comparable to that of the competition.” Already, the investment community has lost interest in Canadian’s fate. The company has market capitalization of under $80 million, and over the past five years the stock has dropped 90 per cent in value. Airline analyst Jacques Kavafian of Yorkton Securities Inc. in Toronto says: “I don’t know any analysts that seriously follow Canadian anymore. It’s

not a ‘buy’ story, so why bother?”

The inability to control costs affects vital areas of operation. Canadian’s balance sheet is vulnerable because of extreme leverage to currency exchange rates and rising fuel costs. Every onecent drop in the value of the Canadian dollar against the U.S. dollar costs the airline $11.7 million in operating and interest expenses. That is exacerbated by a 1998 issue of $270 million (U.S.) in senior debt notes, with interest payable in American dollars. And rising jet fuel costs exact a stiff price: every one-cent per litre rise costs the airline $16 million a year.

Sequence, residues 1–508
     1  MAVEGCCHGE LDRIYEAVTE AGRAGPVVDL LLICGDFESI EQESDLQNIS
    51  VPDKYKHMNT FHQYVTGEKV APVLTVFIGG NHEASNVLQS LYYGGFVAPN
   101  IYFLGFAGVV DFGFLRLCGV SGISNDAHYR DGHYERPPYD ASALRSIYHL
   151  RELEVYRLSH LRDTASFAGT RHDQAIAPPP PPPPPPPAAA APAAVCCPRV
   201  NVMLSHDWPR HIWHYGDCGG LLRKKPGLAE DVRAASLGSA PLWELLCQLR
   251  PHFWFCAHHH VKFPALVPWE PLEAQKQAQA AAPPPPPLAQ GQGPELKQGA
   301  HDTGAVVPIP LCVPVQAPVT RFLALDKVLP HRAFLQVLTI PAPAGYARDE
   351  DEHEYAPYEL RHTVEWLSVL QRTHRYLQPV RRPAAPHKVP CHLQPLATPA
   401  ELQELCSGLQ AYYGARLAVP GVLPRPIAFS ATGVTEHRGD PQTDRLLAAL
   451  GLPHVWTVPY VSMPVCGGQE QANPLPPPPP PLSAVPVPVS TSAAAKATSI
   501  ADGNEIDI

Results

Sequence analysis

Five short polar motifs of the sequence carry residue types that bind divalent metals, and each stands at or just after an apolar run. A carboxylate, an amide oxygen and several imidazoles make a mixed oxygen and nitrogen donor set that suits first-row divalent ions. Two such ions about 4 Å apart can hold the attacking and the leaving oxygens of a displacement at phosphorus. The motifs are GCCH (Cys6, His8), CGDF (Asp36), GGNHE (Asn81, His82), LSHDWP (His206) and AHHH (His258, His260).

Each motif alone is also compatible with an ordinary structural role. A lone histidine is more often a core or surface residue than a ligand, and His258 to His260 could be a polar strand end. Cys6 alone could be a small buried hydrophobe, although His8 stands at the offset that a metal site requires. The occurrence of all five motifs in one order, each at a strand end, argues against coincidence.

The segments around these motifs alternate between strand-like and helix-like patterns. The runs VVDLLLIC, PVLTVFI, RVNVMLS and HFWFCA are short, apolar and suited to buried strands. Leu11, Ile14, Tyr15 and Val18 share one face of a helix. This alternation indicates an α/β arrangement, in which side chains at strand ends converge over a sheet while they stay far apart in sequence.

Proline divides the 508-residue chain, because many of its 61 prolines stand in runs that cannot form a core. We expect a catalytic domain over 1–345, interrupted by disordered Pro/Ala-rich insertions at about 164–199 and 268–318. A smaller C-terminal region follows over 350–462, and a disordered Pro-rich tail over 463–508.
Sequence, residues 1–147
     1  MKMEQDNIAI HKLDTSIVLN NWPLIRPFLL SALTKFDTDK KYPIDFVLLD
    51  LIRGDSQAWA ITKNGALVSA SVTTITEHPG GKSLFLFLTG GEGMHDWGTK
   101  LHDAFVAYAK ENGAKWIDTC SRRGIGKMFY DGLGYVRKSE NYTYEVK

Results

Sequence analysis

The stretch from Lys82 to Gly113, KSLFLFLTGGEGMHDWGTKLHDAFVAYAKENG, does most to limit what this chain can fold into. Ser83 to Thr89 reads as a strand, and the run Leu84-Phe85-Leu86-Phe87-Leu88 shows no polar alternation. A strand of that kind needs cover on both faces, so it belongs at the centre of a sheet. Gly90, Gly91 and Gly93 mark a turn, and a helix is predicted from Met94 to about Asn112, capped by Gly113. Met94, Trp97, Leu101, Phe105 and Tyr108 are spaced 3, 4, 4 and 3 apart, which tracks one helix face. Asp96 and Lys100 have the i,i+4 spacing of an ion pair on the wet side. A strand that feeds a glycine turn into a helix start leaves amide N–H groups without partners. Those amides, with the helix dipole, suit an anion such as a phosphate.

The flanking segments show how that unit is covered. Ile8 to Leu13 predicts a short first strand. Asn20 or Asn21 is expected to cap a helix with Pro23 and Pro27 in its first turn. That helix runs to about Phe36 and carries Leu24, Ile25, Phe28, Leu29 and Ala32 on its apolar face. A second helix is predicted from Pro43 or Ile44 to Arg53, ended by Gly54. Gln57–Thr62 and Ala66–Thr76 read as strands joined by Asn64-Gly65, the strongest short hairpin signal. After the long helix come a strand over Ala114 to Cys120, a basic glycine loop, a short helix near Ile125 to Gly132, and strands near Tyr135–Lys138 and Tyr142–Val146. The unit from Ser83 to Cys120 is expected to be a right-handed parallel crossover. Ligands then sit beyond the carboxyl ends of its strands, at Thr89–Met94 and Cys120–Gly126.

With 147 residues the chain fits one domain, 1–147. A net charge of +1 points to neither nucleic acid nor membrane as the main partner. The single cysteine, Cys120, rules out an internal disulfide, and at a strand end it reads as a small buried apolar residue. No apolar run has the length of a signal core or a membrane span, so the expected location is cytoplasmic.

Other factors make Canadian a relatively dismal investment or merger partner. It has a 20-year deal with the Sabre reservation system that was negotiated in 1994 as part of American Airlines’ rescue package and would be cosdy to break. The company’s union contracts would raise tricky issues of seniority and staff integration in the event of a merger.

Canadian’s aging fleet is also a drawback. It relies heavily on fuel-inefficient Boeing 737s, which also need costly “hush-kit” upgrades to meet new world standards for noise emissions by 2002. Because Canadian has grown through a series of corporate mergers, it flies a hodgepodge of different aircraft—so it must spend more on pilot training, maintenance and parts inventory. “It’s a fleet of oddballs and orphans,” says Michael Murphy, director of Transport 2000 Canada, the Ottawa-based lobby group. “That’s always more of a challenge than uniformity.” He adds that while Canadian has a “remarkable, exemplary” safety record, the advanced age of its aircraft—especially its DC-10s— is a subject of discussion.

Another concern is the toll that perpetual financial crises have taken on employees and morale. In 1993, Canadian staffers contributed $200 million in wage and pension benefits to save the airline. In 1996, they took another $70 million in wage rollbacks. This time, workers have been silent. Just like the airline itself, they, too, find they are running on empty.

John Geddes

Ross Laver